In September 1941, Adolf Hitler's Wehrmacht surrounded Leningrad in what was to become one of the longest and most destructive sieges in Western history - almost three years of bombardment and starvation that culminated in the harsh winter of 1943-1944. More than a million citizens perished. Survivors recall corpses littering the frozen streets, their relatives having neither the means nor the strength to bury them. Residents burned books, furniture, and floorboards to keep warm; they ate family pets and - eventually - one another to stay alive.
Trapped between the Nazi invading force and the Soviet government itself was composer Dmitri Shostakovich, who would write a symphony that roused, rallied, eulogized, and commemorated his fellow citizens - the Leningrad Symphony, which came to occupy a surprising place of prominence in the eventual Allied victory.
This is the true story of a city under siege: the triumph of bravery and defiance in the face of terrifying odds. It is also a look at the power - and layered meaning - of music in beleaguered lives. Symphony for the City of the Dead is a masterwork thrillingly told and impeccably researched by National Book Award-winning author M. T. Anderson.
©2015 M. T. Anderson, original book published by Candlewick Press (P)2015 Brilliance Audio, all rights reserved
Before beginning this audio book, I was only minimally familiar with classical music and had even less knowledge about the history of Russia under Communist rule. Therefore, much of the information in this book was new to me. I was both horrified and inspired by this account of life in Stalinist Russia, especially during the Nazi siege of Leningrad, and amazed by Shastakovich himself. Kudos to M. T. Anderson for clear and flowing prose and for his fine performance of it. His pronunciation of Russian names and places seemed spot on, but I don't speak Russian so I'm only guessing. I also appreciated hearing snatches of Shastakovich's music, even though Anderson's description of it was so good that the written word would have been sufficient to get a feel for it.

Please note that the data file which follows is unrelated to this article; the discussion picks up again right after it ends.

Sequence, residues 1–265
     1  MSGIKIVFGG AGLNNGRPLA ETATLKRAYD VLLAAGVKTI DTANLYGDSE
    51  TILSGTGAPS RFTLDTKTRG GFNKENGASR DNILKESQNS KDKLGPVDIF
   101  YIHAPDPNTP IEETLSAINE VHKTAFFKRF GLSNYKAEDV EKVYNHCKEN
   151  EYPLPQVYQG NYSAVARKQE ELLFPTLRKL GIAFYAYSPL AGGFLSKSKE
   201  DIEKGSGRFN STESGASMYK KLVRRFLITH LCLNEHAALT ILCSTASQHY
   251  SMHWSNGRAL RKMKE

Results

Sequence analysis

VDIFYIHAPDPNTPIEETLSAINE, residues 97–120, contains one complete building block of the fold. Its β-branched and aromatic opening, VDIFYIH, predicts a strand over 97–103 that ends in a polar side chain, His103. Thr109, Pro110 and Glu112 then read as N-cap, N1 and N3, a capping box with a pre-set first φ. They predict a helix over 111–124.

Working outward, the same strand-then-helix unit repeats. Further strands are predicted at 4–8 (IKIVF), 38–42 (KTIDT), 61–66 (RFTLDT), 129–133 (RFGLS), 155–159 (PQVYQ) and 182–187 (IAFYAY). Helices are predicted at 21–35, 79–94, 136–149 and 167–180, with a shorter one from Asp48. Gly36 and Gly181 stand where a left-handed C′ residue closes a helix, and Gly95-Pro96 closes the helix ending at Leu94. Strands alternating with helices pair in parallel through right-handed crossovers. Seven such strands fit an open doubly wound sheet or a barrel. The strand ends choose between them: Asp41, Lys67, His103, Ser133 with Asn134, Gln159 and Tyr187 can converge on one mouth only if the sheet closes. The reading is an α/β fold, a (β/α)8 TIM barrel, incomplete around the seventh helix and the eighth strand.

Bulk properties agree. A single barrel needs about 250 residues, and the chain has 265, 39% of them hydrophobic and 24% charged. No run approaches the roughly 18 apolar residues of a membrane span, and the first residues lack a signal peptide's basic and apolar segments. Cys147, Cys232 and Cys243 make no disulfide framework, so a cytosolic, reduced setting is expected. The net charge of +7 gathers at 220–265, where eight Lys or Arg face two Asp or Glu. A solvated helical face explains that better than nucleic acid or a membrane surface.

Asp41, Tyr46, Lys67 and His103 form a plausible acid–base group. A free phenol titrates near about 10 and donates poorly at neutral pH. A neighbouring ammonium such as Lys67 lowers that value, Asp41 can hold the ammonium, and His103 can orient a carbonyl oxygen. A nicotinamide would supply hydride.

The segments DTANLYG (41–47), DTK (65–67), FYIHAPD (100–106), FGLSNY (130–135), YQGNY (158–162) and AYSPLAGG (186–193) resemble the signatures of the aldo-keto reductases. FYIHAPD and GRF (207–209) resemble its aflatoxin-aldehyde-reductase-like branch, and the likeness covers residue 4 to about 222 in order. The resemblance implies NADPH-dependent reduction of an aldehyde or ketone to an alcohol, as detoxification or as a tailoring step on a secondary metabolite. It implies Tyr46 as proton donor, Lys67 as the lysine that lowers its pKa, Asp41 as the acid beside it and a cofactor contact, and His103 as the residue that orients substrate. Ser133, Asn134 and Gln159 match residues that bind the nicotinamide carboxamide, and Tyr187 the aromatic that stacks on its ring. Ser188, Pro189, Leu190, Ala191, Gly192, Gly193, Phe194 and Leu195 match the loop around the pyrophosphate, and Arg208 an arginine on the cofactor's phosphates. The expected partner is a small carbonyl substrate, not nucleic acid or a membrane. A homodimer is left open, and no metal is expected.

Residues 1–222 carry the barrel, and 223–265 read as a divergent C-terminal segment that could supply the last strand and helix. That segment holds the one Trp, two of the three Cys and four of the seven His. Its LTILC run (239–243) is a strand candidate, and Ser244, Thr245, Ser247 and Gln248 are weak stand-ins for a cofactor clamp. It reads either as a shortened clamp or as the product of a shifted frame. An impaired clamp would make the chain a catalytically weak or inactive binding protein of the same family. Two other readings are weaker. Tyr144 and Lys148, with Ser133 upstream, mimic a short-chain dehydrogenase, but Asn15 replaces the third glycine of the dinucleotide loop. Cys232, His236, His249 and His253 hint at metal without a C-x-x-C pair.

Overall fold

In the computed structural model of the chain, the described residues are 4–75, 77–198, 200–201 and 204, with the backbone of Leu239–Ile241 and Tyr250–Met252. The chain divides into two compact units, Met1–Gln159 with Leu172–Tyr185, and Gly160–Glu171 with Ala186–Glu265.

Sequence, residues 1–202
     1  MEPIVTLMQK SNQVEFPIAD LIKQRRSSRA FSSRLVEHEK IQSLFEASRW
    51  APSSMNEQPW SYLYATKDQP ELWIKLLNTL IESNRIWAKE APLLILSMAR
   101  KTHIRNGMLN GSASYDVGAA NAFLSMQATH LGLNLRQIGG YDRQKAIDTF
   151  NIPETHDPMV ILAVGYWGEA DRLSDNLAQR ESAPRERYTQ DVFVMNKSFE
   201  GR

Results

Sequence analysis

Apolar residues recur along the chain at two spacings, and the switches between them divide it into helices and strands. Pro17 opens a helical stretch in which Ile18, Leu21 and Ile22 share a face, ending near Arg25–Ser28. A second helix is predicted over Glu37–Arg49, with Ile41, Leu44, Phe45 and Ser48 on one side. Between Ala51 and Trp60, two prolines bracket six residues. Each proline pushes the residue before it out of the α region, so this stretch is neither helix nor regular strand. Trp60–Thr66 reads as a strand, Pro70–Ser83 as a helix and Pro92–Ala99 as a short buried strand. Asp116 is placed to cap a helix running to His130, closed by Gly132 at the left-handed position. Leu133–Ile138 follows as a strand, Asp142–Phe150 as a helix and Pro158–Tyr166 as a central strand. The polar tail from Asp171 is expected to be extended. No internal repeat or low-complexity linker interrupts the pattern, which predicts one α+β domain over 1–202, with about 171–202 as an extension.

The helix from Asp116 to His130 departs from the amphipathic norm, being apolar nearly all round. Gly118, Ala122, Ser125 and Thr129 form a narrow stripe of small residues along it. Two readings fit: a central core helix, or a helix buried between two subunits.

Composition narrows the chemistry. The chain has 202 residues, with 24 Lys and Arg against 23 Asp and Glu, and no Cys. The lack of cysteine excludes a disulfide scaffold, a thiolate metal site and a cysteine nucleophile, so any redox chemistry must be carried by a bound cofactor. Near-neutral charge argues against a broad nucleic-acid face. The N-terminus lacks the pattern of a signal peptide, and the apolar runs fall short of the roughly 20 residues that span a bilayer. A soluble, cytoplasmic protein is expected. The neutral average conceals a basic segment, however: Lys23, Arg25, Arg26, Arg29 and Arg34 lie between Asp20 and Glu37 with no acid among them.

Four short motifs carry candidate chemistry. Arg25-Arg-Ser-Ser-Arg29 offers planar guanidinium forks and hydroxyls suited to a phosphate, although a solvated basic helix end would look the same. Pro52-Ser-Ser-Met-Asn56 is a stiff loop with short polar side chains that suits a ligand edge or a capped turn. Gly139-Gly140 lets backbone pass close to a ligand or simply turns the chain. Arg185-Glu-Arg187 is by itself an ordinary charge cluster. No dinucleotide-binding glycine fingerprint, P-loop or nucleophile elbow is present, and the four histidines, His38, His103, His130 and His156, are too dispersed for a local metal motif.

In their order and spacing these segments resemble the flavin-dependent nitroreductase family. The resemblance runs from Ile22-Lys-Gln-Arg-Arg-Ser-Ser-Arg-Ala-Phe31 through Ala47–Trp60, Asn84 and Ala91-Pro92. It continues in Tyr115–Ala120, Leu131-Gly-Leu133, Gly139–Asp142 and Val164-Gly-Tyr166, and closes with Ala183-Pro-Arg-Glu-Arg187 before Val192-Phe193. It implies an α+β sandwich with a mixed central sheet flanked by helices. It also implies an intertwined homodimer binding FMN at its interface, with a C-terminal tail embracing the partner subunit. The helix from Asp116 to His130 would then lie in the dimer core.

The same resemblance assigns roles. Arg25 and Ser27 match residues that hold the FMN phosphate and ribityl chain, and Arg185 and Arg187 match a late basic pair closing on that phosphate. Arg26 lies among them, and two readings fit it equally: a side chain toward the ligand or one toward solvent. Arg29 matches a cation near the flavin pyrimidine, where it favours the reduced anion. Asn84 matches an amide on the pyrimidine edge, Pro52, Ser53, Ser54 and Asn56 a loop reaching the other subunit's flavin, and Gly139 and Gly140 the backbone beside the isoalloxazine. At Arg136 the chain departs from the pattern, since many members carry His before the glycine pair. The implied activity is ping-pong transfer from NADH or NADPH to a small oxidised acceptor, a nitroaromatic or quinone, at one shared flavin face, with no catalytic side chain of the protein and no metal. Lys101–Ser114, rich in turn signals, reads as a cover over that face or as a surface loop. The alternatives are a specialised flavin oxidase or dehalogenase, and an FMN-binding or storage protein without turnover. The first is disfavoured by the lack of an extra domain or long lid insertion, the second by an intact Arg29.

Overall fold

I highly recommend this audio book, whether you're a classical music lover or not, a history buff or not. I was neither and it has changed my life.
I'll have to wait a while until I listen to this again, just because it is so intense. I had to carry tissues while I listened because the tears kept coming, both from sorrow and joy. I usually avoid books read by the author, but MT Anderson did a fantastic job.
The people of Leningrad who inexplicably survived the siege really formed the backbone of the story. Anderson provided a balanced portrayal of the good, the bad and the ugly of ordinary people struggling through unimaginable horror.
The emotional denouement was the performance of the 7th symphony in a starving Leningrad still under siege. People who had been eating wallpaper paste for months found the grace to be moved by a piece of music.